1. By fresh you must mean the revisionist history of how Auckland almost got a rail system that was promoted by a mayor one part of the region, indeed just one part of the Auckland Isthmus. But how that visionary was thwarted by those mean people who didnt want to pay. Lets face it Robbie didnt even get close, his main contribution to our region was to pollute the Manukau Harbour rather than the Waitemata, a goal he shared with Cumberland.

          1. Yeah well I dont have an opinion on the rest of it just the bits covered in the review above and in particular the myth making around the former mayor of a quarter or less of Auckland and the ridiculous idea that we just missed out on rail.

          2. Yes, DMR was only mayor of Auckland. So how is that relevant? It was a good idea and should have been done. Robbie was elected twice on the promsie to implement rapid rail – the people of Auckland City certainly wanted it. It is more a perfect example of why the Super City should have happened 30 years ago.

            Have you read the biography on DMR (http://beattiesbookblog.blogspot.co.nz/2012/08/urban-legend-sir-dove-myer-robinson-by.html)? It makes it very clear that Labour was prepared to pay and it was the incoming National party that scuppered it. Not hard to believe of a party that has always been rural focussed.

            Why are you so determined that there was no plot or agenda to suppress rail in Auckland? How else do you explain that a city so well suited to rail doesnt have a well developed rail system? It isnt hard to believe at all. There is a agenda now to at least delay it, so why not back then?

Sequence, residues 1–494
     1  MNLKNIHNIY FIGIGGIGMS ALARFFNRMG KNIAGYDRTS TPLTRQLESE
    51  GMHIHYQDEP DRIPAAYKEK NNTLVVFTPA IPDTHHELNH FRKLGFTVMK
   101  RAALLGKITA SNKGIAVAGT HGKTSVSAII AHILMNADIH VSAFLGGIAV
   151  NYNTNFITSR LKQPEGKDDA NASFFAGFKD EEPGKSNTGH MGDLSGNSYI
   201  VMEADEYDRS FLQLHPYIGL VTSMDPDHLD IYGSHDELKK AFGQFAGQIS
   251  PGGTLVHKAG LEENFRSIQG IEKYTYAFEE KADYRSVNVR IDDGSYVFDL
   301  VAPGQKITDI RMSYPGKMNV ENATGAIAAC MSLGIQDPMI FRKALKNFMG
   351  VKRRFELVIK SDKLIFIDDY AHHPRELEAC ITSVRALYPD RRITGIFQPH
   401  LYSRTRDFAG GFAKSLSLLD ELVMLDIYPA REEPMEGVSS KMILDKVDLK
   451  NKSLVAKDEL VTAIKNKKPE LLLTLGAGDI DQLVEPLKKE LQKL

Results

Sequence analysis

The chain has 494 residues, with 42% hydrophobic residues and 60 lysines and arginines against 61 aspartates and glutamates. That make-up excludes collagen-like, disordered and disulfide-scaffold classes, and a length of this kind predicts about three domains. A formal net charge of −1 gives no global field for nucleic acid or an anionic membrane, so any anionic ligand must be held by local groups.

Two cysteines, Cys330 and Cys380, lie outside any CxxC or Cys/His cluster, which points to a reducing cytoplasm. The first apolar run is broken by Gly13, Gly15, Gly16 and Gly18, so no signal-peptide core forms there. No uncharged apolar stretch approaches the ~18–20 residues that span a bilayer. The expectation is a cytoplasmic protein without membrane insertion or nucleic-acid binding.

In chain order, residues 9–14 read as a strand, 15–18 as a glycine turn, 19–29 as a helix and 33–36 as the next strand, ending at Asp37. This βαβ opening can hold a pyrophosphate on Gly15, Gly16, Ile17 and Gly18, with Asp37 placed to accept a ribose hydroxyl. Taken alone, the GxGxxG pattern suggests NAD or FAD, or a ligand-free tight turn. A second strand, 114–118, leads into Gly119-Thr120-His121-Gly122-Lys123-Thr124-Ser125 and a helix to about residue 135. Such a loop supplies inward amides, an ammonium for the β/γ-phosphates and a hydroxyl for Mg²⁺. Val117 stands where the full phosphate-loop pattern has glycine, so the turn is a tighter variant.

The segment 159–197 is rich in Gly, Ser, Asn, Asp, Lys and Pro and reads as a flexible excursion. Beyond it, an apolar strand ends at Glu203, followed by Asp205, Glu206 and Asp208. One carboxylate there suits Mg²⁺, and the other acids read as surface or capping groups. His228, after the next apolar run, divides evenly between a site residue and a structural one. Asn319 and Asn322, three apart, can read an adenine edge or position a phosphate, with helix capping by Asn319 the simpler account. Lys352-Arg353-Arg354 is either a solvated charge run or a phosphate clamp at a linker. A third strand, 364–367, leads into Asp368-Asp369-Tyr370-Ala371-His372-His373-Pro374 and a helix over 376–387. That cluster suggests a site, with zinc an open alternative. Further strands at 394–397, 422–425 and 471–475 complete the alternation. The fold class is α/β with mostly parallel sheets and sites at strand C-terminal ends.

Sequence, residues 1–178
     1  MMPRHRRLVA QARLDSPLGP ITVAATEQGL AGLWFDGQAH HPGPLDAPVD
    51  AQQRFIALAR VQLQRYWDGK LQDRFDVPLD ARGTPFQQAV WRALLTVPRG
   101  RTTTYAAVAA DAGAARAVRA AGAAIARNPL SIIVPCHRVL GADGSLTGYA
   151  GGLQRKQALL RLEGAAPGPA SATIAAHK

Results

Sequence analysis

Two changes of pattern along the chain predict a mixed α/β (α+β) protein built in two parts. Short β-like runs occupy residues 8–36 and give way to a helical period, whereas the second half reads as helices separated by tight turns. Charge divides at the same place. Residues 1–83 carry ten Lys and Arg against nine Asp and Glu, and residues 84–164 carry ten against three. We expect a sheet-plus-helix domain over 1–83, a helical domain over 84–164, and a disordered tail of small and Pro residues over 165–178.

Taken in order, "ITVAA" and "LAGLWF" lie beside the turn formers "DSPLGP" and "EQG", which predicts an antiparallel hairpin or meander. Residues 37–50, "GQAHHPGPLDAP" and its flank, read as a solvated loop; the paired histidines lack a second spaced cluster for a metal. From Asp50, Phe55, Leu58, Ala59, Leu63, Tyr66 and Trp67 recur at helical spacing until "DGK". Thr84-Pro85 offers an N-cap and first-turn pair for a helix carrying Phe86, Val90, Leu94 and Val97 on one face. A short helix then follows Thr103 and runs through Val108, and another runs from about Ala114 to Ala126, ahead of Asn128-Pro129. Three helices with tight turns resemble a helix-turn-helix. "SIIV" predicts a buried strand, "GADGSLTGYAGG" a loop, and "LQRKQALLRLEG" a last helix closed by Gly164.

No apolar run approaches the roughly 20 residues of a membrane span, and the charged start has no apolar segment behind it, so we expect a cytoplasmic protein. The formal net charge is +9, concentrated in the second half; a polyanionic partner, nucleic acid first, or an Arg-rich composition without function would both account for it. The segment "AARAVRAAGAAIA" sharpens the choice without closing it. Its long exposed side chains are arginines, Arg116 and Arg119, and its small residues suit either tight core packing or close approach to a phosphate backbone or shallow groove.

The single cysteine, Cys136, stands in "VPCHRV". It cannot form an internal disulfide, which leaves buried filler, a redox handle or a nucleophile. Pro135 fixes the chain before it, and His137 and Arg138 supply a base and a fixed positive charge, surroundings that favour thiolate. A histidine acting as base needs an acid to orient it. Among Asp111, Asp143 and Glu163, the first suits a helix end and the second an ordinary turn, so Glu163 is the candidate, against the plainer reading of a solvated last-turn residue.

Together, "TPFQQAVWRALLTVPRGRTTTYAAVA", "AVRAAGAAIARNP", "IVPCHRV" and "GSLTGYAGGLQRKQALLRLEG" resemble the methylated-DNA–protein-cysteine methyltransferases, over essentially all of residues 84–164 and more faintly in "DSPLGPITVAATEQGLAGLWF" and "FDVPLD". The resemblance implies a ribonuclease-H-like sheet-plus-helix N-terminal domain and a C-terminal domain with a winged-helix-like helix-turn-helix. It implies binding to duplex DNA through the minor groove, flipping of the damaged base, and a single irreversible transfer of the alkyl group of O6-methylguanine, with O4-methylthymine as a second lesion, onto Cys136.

Are you of the opinion that the people of Auckland rose up and en masse demanded the destroying of the public transport system in the 1950s and the installation of a mono-modal transport system? Because you will struggle to find evidence for that.

          3. Yes he was the Mayor of Auckland City Council which was less than half the size of the last Auckland City which in turn only covered part of the region. I cant find the population of his area but I am guessing around 200,000. the other mayors were not fans and the ARA chairman was against as were most of the members. DMR was given more publicity than his due because the council area was called Auckland not because it was the most important or largest bit. Robbie was elected on a platform of getting the government to pay for rapid rail. not on a platform that he would make his voters pay. there is a huge difference. As for Labour supporting it, they promised to at the election in 1972 but failed to include it in any of their budgets or move the project forward in a tangible way. An empty promise by Norm Kirk which they reneged on. They lost in 1975 because they because the country was hit by the UK going into the EU and an oil shock caused by the Yom Kipur war and they lost their way.